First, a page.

Monday, October 03, 2005

How Important is Syntax?

I spent the last week at Kool-aid central for Borland's Delphi RAD
development tool. I was speaking at the Entwickler Conference
("Entwickler" is German for "developer") in Frankfurt, talking about
Java and .NET. This conference is ostensibly a general developer's
conference, but Borland is one of the main sponsors and it has
traditionally been the European gathering place for Delphi developers.
The faithful only get one Delphi focused conference per major land
mass, so they all come. The Java and .NET guys can get information
anywhere. Probably 70% of the talks at this conference either focus on
Delphi or overlap significantly (for example, I did an "Updated
Design Patterns in .NET " in C#, but the material also applies to

The interesting part of my trip were the discussions between sessions,
at dinner, and in the halls. Even though Delphi is a niche development
tool with a shrinking market, the people at this conference are
unusually passionate about their tool. I sought to understand this
blazing exuberance. I traverse several different languages and tools
pretty regularly (Java, .NET, and Ruby), and to me they are just tools
-- each has its own strengths and weaknesses. I also used Delphi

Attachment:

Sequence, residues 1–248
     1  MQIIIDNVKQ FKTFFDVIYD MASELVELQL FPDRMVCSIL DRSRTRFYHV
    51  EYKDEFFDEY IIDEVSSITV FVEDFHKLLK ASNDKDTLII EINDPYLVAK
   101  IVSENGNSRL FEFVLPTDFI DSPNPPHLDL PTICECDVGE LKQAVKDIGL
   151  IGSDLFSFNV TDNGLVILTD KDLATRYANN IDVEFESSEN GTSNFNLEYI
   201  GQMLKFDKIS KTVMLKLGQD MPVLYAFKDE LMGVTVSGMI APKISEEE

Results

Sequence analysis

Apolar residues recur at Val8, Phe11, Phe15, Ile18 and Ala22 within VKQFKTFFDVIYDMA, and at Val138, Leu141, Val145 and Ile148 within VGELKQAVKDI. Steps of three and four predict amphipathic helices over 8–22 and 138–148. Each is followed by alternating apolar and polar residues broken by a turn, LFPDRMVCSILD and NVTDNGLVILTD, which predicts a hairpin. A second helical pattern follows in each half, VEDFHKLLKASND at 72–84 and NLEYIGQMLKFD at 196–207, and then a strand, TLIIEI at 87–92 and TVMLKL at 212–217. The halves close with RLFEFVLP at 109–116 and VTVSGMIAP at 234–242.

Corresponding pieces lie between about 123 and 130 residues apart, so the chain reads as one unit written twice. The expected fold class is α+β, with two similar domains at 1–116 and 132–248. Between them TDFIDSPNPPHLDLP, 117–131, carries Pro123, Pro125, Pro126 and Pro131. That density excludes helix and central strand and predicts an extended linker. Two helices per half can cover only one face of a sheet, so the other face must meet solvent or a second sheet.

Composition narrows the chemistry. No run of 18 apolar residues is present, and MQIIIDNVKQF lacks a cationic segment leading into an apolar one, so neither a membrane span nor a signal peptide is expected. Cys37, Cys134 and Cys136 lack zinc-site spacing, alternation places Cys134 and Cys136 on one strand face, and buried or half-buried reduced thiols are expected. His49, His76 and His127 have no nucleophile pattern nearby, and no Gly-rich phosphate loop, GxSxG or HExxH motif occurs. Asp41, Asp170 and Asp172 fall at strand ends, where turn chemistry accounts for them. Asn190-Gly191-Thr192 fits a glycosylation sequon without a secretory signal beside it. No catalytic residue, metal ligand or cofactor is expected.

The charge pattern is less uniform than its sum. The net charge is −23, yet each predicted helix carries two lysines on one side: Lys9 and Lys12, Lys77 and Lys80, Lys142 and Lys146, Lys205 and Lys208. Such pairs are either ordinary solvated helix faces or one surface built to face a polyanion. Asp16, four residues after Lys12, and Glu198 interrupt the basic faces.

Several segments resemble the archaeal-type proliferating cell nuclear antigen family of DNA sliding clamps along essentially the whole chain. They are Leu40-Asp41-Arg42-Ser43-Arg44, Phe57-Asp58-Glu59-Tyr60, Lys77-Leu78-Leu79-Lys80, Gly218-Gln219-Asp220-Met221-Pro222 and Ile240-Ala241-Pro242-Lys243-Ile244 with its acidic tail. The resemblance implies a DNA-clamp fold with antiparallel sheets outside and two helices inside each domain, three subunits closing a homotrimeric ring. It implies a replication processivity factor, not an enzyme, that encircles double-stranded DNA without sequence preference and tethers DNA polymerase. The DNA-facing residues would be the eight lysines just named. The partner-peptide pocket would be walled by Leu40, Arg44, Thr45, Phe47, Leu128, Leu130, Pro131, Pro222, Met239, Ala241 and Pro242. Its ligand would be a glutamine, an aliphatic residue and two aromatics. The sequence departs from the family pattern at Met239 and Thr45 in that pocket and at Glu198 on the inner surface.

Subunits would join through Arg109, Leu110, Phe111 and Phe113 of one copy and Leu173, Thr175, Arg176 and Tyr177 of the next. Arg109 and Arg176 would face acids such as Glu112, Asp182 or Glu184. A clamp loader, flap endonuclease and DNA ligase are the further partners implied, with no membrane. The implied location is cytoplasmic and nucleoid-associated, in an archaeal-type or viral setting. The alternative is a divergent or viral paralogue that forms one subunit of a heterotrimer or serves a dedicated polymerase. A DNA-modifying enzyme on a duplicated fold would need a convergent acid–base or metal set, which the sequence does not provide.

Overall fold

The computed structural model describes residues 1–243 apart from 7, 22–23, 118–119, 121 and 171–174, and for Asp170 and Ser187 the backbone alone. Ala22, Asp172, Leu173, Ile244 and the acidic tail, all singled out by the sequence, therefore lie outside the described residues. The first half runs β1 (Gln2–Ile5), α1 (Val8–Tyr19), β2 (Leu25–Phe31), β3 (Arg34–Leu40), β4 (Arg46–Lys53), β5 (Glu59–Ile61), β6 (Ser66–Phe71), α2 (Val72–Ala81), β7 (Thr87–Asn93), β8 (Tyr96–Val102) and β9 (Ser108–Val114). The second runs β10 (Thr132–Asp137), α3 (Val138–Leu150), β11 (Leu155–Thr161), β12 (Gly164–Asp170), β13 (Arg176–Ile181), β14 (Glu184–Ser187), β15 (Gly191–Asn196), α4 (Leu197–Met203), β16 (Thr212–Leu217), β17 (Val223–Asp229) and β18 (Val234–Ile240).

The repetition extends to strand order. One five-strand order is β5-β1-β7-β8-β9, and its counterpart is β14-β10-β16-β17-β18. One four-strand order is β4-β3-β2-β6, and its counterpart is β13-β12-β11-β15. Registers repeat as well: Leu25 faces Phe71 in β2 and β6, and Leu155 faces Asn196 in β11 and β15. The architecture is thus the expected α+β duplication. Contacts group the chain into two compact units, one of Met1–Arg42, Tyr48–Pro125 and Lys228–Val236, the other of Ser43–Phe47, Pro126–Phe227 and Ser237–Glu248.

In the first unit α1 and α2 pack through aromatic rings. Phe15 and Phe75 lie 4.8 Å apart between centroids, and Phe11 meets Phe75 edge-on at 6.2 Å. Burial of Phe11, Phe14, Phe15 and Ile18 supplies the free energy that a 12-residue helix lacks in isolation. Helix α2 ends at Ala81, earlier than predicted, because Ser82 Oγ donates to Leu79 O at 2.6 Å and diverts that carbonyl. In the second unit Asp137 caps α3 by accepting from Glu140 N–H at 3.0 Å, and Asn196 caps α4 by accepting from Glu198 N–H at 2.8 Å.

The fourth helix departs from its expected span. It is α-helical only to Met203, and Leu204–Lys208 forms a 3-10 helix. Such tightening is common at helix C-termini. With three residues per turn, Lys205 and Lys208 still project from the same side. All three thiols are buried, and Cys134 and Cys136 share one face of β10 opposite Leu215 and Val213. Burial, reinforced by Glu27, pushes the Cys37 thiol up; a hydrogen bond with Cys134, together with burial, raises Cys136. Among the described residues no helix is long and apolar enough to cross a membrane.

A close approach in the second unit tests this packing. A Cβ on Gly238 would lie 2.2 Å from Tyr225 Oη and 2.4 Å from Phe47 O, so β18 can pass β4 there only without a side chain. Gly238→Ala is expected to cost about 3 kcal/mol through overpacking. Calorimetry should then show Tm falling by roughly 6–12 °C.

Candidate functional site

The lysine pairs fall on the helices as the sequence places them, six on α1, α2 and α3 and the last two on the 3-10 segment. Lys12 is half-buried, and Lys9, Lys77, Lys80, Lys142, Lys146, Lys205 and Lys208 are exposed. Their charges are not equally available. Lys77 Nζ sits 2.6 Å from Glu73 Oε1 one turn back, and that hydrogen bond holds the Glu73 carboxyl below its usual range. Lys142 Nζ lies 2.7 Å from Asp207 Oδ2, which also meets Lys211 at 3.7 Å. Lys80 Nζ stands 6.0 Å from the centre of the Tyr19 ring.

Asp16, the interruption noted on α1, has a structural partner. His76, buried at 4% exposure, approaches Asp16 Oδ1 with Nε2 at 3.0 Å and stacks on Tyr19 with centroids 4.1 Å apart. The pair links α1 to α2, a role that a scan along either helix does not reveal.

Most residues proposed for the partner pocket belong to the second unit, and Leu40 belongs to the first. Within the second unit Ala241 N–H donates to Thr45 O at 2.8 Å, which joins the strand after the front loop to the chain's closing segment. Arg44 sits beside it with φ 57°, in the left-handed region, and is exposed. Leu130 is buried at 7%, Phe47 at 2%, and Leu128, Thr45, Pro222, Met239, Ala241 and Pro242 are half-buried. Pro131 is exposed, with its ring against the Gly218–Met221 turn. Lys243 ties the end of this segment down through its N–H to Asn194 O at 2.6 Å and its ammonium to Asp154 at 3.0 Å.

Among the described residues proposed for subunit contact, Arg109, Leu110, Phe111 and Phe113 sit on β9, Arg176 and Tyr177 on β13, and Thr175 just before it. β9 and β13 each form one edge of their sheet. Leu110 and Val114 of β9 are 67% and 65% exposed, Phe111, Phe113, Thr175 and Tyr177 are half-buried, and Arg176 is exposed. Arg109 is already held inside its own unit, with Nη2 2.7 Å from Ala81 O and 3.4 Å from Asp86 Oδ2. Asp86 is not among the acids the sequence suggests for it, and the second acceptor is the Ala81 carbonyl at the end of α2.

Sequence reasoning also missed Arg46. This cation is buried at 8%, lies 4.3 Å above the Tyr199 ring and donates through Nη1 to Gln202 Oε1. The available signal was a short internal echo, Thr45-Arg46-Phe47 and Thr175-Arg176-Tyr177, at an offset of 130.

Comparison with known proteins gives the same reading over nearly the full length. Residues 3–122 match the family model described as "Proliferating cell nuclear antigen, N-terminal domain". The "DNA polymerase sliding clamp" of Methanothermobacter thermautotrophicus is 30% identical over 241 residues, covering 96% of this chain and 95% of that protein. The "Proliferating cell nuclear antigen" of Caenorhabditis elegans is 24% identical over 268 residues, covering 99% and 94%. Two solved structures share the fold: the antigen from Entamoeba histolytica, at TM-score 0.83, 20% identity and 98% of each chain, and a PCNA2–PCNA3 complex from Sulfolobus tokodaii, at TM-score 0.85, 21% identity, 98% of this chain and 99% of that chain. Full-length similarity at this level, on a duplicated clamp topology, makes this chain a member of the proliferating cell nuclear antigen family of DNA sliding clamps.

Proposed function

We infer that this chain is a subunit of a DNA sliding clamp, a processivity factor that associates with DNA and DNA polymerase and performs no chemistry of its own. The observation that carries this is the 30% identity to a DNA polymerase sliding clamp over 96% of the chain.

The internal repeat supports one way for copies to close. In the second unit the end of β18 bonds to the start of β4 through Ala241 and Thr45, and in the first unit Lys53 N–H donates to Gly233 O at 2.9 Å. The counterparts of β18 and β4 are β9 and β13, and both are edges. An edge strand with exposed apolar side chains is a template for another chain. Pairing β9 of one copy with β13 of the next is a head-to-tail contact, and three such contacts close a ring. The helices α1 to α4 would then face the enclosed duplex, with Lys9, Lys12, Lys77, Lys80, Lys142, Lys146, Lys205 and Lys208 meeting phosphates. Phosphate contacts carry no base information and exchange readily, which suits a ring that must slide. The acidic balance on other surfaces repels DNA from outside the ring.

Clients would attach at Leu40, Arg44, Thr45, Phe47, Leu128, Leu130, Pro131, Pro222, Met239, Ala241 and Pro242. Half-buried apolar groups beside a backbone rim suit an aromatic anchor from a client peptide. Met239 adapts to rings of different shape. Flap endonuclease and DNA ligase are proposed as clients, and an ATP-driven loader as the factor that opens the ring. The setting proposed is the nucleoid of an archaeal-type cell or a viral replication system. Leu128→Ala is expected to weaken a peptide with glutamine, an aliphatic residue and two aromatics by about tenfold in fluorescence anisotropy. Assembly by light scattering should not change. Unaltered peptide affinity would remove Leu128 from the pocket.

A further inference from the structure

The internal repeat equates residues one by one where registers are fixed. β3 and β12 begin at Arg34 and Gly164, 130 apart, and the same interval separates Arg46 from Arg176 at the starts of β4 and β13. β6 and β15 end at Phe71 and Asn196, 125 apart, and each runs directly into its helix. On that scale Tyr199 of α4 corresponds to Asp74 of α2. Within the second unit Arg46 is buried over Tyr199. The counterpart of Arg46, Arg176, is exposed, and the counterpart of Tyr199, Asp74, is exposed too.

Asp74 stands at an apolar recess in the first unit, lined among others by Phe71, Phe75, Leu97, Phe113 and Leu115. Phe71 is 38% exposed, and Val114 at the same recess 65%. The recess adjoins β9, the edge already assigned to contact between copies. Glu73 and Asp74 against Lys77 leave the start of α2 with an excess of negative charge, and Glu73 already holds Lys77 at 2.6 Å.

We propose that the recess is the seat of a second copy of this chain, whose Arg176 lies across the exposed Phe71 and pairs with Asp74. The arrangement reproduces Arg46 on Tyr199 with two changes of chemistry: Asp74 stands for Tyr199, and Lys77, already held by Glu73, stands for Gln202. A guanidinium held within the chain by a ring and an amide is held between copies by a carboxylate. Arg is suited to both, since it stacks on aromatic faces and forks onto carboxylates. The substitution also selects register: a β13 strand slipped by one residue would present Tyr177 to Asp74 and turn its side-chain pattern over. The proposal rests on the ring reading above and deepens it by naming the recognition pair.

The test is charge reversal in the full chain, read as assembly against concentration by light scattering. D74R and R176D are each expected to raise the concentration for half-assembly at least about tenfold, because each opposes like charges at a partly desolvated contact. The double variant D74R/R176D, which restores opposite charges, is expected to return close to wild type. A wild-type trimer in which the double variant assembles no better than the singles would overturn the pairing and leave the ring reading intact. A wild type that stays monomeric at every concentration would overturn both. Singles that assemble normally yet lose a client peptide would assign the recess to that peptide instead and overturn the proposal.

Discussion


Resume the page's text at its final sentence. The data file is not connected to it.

pretty much exclusively for about 4 years (and wrote one of the first
Delphi books), so I understand the tool and language. But I've never
gotten so vein-bulging-in-the-forehead excited when someone told me
they thought something else was better.

This crowd has its back against the wall: Borland's clear future
direction with Delphi is to make it Yet Another .NET Language
(YA.NL?). The last couple of versions of Delphi have supported both
Win32 and .NET capabilities (and most of the developers in Germany are
still doing Win32 applications). In my opinion, this marginalizes
Delphi to also-ran status with C# and Visual Studio. Sure, if you are
building in Delphi now and have a bunch of code, you'll stick to Delphi
(maybe). But if you are starting a new project, there is no way you
would pick Delphi over C#. The IDE isn't any better (and it is less
stable) than Visual Studio, and it will not have a version that
supports .NET 2 until mid-next year.

Tiptoeing around the fanatics, I asked a few people if the above
assessment is true. "No! The next version of Delphi will win converts in
droves!". At the end of the day, it boils down to which syntax do you
like (if the tools are at about parity and the framework is the same,
you are down to begin...end pairs vs. curly braces). I've always had an
easy time switching syntaxes, both between similar (Java and C#)
languages and very different ones (Java and Ruby). I asked some of
these folks: "Is the syntax of the language really that important to
you?" I got a resounding "Yes!" from several people. They are willing
to use a third-world development tool just so they get to type Pascal
all day instead of C#. Just like all marginalized peoples, they
overcompensate anytime someone like me desecrates the object of their

You see some of the same fervency in the Ruby and Lisp crowds, but they
are genuinely different from their peers. The Delphi vs. C# crowd are
supporting the same platform, with different syntaxes. Would you be
willing to jeopardize your job over the syntax of a programming
language? I still do not get it.

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